Things I would like to see - Blind and low vision related


I would like to see more money spent on eye research so blindness related conditions might become a thing of the past. It is good to see research into bionic eyes, and research into how stem cell research can hopefully get the eyes going again.

Is captcha really needed on your website?

I would like to see other accessible alternatives used instead of captcha which is used on websites. These captchas are either in a text format (which is hard to see even for the elderly) or in an audio format. If you have a hearing problem, it makes it quite hard to hear and work out the captcha when spoken out. Most of these audio captchas are not clear enough to work out. People who can be affected by these captchas may be the elderly, dyslexics, people with reading problems or vision problems (including the visually impaired, blind and deaf blind). A person using a braille display will not be able to work out the text captcha or the audio one either. There are other alternatives that could be used on websites instead of captcha (for example using an email verification process and so on). When considering using Captcha on your website, ask yourself is it really needed or is there a viable alternative instead (that won’t affect as many people)?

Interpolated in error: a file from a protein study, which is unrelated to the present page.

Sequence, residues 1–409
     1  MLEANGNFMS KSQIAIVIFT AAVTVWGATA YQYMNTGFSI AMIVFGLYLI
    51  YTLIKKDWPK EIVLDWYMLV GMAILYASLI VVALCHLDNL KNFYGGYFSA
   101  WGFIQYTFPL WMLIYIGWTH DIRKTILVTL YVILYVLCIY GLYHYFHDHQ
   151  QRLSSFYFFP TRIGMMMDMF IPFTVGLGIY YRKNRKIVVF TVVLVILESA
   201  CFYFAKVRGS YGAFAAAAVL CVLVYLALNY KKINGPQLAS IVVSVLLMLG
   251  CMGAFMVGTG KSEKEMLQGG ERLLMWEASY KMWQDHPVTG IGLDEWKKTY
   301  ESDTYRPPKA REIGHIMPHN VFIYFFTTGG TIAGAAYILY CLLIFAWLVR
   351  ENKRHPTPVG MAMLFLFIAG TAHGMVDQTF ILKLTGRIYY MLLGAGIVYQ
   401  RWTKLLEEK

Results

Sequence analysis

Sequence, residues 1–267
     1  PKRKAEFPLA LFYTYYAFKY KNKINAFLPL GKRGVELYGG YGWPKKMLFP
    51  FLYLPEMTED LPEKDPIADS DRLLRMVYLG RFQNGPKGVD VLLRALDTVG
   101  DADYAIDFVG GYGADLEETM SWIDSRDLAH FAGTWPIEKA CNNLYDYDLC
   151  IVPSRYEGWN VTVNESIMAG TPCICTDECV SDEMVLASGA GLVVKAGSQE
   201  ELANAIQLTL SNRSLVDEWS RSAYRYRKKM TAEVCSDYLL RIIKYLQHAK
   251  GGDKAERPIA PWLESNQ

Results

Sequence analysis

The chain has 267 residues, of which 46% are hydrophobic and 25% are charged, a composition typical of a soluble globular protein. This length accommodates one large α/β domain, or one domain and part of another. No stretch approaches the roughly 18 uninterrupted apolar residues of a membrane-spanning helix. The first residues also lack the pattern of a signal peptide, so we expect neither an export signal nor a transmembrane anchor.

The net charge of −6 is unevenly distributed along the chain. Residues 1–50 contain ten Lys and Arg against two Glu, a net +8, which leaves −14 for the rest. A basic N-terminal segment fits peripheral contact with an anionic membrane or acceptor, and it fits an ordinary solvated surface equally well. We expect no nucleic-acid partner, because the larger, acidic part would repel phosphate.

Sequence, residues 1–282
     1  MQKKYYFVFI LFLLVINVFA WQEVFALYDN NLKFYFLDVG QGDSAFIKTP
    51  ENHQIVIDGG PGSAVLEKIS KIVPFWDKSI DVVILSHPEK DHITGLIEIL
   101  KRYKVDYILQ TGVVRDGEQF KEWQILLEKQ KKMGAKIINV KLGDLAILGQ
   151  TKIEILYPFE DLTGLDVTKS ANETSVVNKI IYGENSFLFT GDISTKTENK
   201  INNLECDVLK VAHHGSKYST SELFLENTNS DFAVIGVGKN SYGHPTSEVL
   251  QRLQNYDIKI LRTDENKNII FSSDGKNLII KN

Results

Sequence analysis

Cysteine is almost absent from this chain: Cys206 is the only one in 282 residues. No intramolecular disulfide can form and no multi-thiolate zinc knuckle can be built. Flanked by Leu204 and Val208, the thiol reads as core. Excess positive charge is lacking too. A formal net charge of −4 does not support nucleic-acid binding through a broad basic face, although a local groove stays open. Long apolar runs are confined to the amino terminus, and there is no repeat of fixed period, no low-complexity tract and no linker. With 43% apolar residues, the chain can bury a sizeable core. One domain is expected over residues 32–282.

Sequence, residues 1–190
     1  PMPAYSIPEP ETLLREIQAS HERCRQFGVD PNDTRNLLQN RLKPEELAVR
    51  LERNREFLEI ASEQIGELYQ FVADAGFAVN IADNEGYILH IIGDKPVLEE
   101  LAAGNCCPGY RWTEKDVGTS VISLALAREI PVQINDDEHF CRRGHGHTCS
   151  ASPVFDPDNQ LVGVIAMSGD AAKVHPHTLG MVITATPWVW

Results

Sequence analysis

Accessibility guidelines taught as part of web design and software design

I would like to see in the education system like universities etcetera, the importance of why guide lines should be followed. This is for both software developers as well as website developers. I would like to see units/papers created where these standards have to be met. In the units/papers, they should also cover about screen readers or adaptive devices that someone with a disability may use to navigate their software or website with.